“It’s because the curriculum for first-grade students is too heavy,” she underlined. “When I was a first-grader, all I had to learn was just a few simple letters, but now my kid is required to be able read and write.”

Huong also added she and her husband have to ‘study’ with their child until 9:00 pm, or even later, every day to finish homework and prepare for the next day’s lessons.

M. from Gia Lam District in Hanoi is also stuck in the same situation.

She said that she has had to spent time ‘studying’ with her kid every day since the beginning of this school year, and even she has been stressed by the amount of homework teachers give her child.

In Vietnam, an academic year often starts in late August or early September and closes in late May or early June the next year.

N.B.B., the parent of a first-grade student in Ho Chi Minh City’s District 3, also said that she has suffered from heavy stress after sending her kid to school.

B. elaborated that she and her husband have tried their best to force their child to study at home, while their daughter also tried her utmost to avoid studying by saying she does not feel well or is tired.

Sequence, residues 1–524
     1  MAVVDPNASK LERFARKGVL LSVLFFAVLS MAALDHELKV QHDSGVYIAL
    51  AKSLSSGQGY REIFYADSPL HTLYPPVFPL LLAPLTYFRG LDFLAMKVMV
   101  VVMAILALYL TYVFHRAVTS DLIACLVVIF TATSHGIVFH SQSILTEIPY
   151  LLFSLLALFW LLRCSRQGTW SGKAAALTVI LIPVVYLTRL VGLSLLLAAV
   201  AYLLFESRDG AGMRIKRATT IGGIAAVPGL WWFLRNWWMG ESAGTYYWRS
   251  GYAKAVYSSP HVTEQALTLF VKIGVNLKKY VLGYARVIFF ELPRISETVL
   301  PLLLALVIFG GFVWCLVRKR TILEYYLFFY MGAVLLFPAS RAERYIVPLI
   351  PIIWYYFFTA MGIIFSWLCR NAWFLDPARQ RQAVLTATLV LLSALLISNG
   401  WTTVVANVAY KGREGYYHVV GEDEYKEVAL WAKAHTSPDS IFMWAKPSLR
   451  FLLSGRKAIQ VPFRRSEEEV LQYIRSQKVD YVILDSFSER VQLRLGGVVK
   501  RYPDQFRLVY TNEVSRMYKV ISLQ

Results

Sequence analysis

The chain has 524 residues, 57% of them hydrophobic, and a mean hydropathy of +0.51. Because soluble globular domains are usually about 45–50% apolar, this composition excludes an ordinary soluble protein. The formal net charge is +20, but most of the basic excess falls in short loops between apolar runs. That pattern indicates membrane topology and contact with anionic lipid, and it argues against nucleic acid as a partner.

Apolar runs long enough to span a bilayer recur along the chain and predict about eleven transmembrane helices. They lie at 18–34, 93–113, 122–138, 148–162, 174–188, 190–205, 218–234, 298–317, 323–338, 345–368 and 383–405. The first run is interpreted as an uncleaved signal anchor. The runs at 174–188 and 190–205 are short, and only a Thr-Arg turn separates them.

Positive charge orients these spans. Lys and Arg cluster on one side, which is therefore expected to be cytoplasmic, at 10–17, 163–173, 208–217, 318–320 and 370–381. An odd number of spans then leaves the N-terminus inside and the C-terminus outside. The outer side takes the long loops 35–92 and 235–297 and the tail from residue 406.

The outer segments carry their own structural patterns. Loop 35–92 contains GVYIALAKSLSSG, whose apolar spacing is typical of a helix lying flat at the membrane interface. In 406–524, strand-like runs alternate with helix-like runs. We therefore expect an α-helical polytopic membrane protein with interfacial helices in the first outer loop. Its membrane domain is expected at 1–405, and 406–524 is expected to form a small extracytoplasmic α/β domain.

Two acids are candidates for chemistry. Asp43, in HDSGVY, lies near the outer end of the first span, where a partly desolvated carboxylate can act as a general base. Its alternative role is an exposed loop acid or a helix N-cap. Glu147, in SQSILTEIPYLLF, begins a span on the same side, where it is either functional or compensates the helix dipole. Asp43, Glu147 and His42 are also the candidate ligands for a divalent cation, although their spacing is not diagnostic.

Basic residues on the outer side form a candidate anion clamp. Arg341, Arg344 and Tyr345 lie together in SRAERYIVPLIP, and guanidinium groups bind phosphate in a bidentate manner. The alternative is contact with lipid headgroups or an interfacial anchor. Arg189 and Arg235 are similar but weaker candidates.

“We get tired every day of pushing her to study. I don’t know whether our first-grader gets stressed, but her mother almost goes nuts,” she added.

Teachers have also faced difficulties when they have to train students to be able to hold pens the right way, and learn 24 letters of the Vietnamese alphabet well.

According to the principal of an elementary school in the city’s District 9, first-graders have just transferred from preschools, where they mainly played games and studied just a little.